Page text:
I'd had an indigo dye vat in the cupboard for over a year but had been too scared to use it! Scared... really?! Well, I was worried more about wasting it or getting it wrong in some way, so after my natural dyeing intensive, I felt ready to set it up.
It was the kind of kit that included a chemical reducing agent rather than natural fruit sugars so I also wanted to ensure I didn't poison the family by splashing it around the kitchen and waited for some fine spring weather.
I raided my wardrobe which has a plentiful supply of items which haven't been worn for at least a year! I decided to try some shibori stitch resist around the lower legs of some white linen trousers.
I realised after much stitching that it was quite difficult to get a tight bind with thin thread, so over tied with thicker string.
I set up the indigo dye vat in the garden using a plastic box with a lid, to reduce the oxidisation of the liquid. Notice my handy stirring stick! Very useful for mixing in more reducing agent.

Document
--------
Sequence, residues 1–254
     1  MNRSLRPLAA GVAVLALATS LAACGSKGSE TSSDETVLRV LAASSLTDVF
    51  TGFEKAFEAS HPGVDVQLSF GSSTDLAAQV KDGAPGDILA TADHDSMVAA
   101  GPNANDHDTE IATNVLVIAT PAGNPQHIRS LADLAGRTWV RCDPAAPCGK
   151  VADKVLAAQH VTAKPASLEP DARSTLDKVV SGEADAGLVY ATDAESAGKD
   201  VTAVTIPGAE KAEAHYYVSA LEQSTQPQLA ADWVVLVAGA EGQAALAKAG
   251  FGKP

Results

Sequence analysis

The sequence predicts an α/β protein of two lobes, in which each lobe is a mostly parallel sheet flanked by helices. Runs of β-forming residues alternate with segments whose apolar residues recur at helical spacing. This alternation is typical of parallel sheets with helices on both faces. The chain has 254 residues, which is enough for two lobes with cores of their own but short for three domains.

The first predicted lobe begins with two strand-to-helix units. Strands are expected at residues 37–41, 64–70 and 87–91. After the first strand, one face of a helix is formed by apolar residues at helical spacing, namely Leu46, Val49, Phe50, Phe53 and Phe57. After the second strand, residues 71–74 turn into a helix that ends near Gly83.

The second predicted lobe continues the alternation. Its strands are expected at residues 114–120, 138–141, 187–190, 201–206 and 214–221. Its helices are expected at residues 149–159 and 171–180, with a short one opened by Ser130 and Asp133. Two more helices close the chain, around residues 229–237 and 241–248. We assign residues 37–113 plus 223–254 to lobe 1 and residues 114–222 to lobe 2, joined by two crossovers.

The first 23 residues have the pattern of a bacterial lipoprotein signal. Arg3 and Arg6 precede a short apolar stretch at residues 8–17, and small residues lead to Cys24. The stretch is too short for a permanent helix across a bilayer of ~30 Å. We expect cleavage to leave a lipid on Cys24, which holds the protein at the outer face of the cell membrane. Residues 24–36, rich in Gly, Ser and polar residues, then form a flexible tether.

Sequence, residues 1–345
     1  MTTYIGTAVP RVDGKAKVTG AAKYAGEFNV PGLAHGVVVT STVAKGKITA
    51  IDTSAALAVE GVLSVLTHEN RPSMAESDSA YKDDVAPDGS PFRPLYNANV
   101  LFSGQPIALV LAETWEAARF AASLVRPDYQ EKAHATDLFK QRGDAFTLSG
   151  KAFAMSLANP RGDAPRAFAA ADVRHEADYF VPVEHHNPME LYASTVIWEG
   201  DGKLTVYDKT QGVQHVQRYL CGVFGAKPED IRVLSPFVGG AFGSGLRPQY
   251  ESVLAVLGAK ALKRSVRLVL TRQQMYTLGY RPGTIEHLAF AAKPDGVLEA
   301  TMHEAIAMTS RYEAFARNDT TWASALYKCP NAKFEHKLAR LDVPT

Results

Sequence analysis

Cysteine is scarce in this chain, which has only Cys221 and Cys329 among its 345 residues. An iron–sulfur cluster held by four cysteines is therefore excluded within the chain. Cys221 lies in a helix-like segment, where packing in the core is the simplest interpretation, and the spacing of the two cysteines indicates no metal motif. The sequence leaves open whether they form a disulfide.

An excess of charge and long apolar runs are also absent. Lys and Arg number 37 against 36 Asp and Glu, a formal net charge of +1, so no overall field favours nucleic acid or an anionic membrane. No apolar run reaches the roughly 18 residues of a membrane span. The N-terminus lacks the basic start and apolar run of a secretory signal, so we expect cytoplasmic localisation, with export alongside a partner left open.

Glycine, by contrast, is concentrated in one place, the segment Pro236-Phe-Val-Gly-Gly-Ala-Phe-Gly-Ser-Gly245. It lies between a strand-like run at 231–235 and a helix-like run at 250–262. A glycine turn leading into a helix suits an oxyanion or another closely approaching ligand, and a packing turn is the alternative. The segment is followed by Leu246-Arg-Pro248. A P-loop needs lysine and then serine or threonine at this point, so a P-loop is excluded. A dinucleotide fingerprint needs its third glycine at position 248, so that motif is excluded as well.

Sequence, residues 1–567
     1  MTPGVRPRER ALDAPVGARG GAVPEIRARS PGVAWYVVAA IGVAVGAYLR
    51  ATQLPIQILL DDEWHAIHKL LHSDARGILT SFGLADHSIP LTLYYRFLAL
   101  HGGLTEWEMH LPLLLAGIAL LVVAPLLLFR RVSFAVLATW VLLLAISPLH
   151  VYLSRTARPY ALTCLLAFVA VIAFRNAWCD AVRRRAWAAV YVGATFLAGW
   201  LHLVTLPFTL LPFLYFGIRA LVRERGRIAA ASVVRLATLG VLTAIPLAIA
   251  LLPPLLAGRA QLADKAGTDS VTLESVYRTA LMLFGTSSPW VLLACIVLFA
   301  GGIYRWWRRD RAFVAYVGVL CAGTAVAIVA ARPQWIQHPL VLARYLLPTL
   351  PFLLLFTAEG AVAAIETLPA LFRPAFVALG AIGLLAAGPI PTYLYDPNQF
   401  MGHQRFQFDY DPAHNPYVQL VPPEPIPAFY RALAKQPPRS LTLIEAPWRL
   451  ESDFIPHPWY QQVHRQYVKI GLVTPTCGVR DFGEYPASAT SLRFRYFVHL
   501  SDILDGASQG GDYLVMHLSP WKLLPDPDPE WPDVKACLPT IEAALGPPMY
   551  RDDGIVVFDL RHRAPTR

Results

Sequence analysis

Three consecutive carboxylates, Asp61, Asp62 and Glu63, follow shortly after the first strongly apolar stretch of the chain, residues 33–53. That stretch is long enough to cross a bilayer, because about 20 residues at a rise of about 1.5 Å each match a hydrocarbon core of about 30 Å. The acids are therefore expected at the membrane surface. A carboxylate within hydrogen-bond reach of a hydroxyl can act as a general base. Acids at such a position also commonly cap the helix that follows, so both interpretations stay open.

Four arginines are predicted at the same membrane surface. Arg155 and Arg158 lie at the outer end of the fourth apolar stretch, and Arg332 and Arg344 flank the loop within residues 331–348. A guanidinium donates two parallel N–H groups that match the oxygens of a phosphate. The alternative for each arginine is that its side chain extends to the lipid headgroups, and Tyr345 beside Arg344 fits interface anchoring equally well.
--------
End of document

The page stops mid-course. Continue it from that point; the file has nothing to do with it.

Indigo is perhaps the most fun of all the natural dyeing techniques I'd tried as watching the transformation when you take the fabric out of the vat is SO EXCITING!!! The trousers quickly changed from lime green, to green, to turquoise to deep blue in a matter of minutes, I was a bit gutted I couldn't keep this turquoise which had patches of lime which complimented it so well!
I dipped the trousers a couple of times once oxidised, to intensify the colour but with this particular kit, I realised that the really deep navy blues were not going to be possible. I think this fact, along with the environmental considerations, means that I will probably start my own natural fructose based indigo dye vat as soon as possible.
Releasing the bindings was quite a slow process due to my intricate stitching which didn't really affect the dye outcome as obviously as I'd hoped. The string would have sufficed!
I tried a stitch resist on a linen skirt too (above) but as you can see, it's quite subtle. I'll no doubt over dye and play again with these clothes as they don't have the depth of colour I was after but this was one more learning experience which convinced me that the natural indigo dye bath is the way to go.